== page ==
How does Steinbeck present loneliness in ‘of mice and men’? During the Great Depression in the 1930s in the USA many migrant workers went to California in search of work. In the novel “Of Mice and Men” John Steinbeck deals with the loneliness which affected these characters. One of the main symbols of this, is the setting of the novel is in Soledad, which translated from Spanish means solitude. Steinbeck point to the cause of loneliness being from discrimination, and the loneliest person on the working ranch would likely be the black stable buck “Crooks”, this is proved by his actions and his attempts to make friends. You first understand him when he expresses his loneliness to Lennie, “a guy goes nuts if he ain’t got nobody.
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Don’t make no difference who the guy is, long’s he’s with you. I tell ya a guy gets too lonely an’ he gets sick”. (page 82) This indicates he has become mentally ill due to his extreme loneliness in his room. As an African American he is not allowed into the bunk house or to play cards with the white ranchers. Crooks tells Lennie it is “Cause I’m black. They play cards in there, but I can’t play because I’m black. They say I stink. Well I tell you, you all of you stink to me.” (page 77) This shows that he longs to join them in playing cards and feels bitter and angry that he can’t. This was a very racist time in America.
Crooks was the only black person on the ranch and there was only one other black family in the area. As Crooks says “If I say something it is just a nigger sayin’ it.” (page 80) Crooks at first turns Lennie away from his room saying “you got no right to come in my room.” (page 77) but due to Lennie’s ‘disarming smile’ (page 77) he gives in and invites him in. When Crooks realises about the dream of the farm he wants to be part of it, offering to work for nothing. “If you…guys would want a hand to work for nothing – just his keep, why I’d come an’ lend a hand. I ain’t so crippled I can’t work like a son-of-a-bitch if I want to.” (page 86) This shows how desperate Crooks is to overcome his loneliness and be part of something.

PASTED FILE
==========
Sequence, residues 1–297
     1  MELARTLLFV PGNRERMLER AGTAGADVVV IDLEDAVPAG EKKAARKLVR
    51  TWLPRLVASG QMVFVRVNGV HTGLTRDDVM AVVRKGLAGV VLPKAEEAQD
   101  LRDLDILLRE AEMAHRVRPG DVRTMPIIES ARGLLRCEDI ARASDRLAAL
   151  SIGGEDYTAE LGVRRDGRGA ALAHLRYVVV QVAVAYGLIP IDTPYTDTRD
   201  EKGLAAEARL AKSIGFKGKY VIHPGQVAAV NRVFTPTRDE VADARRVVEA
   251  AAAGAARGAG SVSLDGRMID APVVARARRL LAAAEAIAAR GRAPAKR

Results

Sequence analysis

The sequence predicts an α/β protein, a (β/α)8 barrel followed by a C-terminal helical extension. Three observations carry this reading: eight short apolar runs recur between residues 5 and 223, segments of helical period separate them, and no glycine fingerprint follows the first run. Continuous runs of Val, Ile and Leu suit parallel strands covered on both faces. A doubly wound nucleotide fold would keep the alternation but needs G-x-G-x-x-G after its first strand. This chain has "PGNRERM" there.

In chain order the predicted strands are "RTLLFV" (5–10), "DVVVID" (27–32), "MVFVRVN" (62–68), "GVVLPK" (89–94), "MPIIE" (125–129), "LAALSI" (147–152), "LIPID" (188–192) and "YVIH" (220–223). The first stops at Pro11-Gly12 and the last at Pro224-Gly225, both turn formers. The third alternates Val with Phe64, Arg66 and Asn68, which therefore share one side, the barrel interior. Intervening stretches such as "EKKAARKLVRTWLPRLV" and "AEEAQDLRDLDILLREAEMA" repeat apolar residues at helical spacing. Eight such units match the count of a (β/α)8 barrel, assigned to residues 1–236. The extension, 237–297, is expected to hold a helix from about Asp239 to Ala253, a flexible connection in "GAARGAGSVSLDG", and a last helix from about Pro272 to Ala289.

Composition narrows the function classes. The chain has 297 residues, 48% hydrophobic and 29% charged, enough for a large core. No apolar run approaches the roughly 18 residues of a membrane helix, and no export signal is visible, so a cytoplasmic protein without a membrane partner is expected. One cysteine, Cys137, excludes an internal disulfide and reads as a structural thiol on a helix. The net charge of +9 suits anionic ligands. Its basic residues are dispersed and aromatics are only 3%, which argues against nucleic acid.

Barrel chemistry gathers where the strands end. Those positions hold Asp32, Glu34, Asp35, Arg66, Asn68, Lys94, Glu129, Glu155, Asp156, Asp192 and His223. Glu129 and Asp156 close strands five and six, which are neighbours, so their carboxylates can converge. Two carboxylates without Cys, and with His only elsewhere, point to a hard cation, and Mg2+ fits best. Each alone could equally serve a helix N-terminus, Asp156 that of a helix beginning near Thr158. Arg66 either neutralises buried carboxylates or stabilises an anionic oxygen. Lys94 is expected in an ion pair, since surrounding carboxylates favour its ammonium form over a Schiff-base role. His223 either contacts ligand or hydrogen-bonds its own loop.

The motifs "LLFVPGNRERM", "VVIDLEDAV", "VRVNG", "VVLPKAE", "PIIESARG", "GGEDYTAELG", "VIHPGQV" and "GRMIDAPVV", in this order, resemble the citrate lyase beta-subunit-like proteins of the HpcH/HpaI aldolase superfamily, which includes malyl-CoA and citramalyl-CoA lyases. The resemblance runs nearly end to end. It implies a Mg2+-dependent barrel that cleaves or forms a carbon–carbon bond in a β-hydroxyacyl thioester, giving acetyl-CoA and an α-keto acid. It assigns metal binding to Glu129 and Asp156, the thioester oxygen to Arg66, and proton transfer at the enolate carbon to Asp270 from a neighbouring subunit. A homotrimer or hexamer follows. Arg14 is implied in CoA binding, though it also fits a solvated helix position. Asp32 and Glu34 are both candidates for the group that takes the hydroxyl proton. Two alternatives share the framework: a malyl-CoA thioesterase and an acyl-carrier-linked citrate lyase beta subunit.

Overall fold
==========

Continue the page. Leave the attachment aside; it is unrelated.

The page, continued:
However, this dream is stopped by Curley’s wife who threatens to accuse of him of rape so that he will be hung. She reminds him that everyone will believe her saying “Well, you keep your place then, Nigger. I could get you strung up on a tree so easy it ain’t even funny.” (page 91) This makes Crooks remember that he is not able to be anything else and that the dream is futile. He returns to being angry and bitter. Steinbeck does not offer any solution to Crooks loneliness. He simply gives an observation on life and how lonely it can be for some people. He shows how racism can cause loneliness and isolation and this can cause people to be very bitter and angry.